The gallery of secondary characters evolving in these tumultuous cosmic lands easily eclipses the Calypso twins, the main antagonists of the title proving to be sympathetic but generic at will, when it comes to dispensing a plot that is both fascinating and fun. Interacting with Rhys Stronfork (who shined in Tales from the Borderlands), Katagawa Jr and Wainwright Jakobs (who happen to be the figureheads of the Atlas, Maliwan and Jakobs mega-corporations respectively) gave me an interesting glimpse into the differences. ideological issues between my three favorite arms manufacturers. This clever mix of storytelling and gameplay adds extra depth to your weapon collection. I also liked the fact that Borderlands continues to bring characters that were possible to play in previous games to the fore. While Lilith (playable mermaid in the first installment) shines as the leader of the Scarlet Raiders, not all of the franchise's iconic characters have received such enviable treatment. Visiting the monument dedicated to the memory of Roland, who was my very first Ark Hunter, and finding it covered in painful graffiti, really struck a chord with me.
Playing with friends is more fun than ever thanks to a marking system that can be used on enemies, objects or the environment to quickly indicate who needs to shoot what and to organize the movements of your squad. even when your teammates do not have microphones (I would like to thank Apex Legends for having made it an essential component of current cooperative games). While the chance for a friend to come and rescue you is always nice, the truly successful co-op feature in 2019 is the ability to share or swap various equipment and weapons after using them, given that they do not bind to your character after you equip them. It's also important to point out that your team can choose to play in Co-op mode, which activates instanced loot and features dynamic difficulty (so less ruthless), or Co-op mode, which disables scaling of enemies and allows the fastest player to collect all the items that appear, just like in the good old days (Borderlands 3 also includes a matchmaking system for various activities, which I did not however have the opportunity to test before launch).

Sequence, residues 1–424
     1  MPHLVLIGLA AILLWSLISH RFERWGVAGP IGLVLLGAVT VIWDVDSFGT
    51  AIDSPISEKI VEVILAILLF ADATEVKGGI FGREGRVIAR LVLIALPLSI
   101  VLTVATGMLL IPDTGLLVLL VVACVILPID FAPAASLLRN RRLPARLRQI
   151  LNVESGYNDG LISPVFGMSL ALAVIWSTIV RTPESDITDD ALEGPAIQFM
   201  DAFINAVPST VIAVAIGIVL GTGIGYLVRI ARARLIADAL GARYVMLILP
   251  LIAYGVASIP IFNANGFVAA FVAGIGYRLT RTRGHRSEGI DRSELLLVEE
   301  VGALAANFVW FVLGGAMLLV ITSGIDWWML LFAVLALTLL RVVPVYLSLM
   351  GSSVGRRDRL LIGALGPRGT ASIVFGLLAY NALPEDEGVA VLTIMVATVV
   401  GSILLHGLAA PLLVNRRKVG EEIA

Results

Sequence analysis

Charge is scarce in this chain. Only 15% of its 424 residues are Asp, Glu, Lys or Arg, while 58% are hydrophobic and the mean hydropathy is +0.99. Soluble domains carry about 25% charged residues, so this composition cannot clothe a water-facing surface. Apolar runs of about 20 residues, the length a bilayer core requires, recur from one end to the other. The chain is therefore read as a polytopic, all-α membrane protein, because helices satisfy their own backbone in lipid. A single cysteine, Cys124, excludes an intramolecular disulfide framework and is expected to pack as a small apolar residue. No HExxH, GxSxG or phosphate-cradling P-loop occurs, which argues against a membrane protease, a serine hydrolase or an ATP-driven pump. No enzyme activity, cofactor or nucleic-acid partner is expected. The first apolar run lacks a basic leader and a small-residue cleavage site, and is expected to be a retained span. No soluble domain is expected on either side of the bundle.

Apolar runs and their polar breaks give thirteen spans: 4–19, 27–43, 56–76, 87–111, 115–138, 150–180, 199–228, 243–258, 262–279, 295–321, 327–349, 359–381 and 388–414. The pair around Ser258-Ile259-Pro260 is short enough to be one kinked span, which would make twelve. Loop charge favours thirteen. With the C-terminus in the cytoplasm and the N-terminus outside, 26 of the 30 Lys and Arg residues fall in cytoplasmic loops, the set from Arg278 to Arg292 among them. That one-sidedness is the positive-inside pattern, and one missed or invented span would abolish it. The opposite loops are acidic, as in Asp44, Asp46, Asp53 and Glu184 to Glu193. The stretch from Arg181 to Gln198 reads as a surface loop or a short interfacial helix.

A plethora of arsenal
Perhaps the greatest achievement of Borderlands is the fact that it never sinks into monotony in over 30 hours of play. I expected the high rate at which the new enemies, weapon archetypes and structures mission were introduced weakens ... but that never happened.
First, if your ECHO 3 mission log hadn't clearly identified them as such, I would have had all the trouble in the world distinguishing side missions from its main quests advancing the plot - and this is absolutely about a compliment. The optional missions given by the inhabitants of Pandora and neighboring planets are inventive, enjoyable and rarely akin to off-putting and repetitive filler quests, as is too often the case with side missions. You'll find a few quests that invite you to find a target and kill them, but almost all of them have twists and turns that make them unique - and when they don't, you're still left with the self-deprecating humor. of Borderlands 3 to console you. My favorite side missions are undoubtedly those that ignore convention, which are generally hilarious. Tyreen Calypso will offer you for example a legendary weapon if you commit suicide, a delicate decision making that still made me smile hours after completing the quest.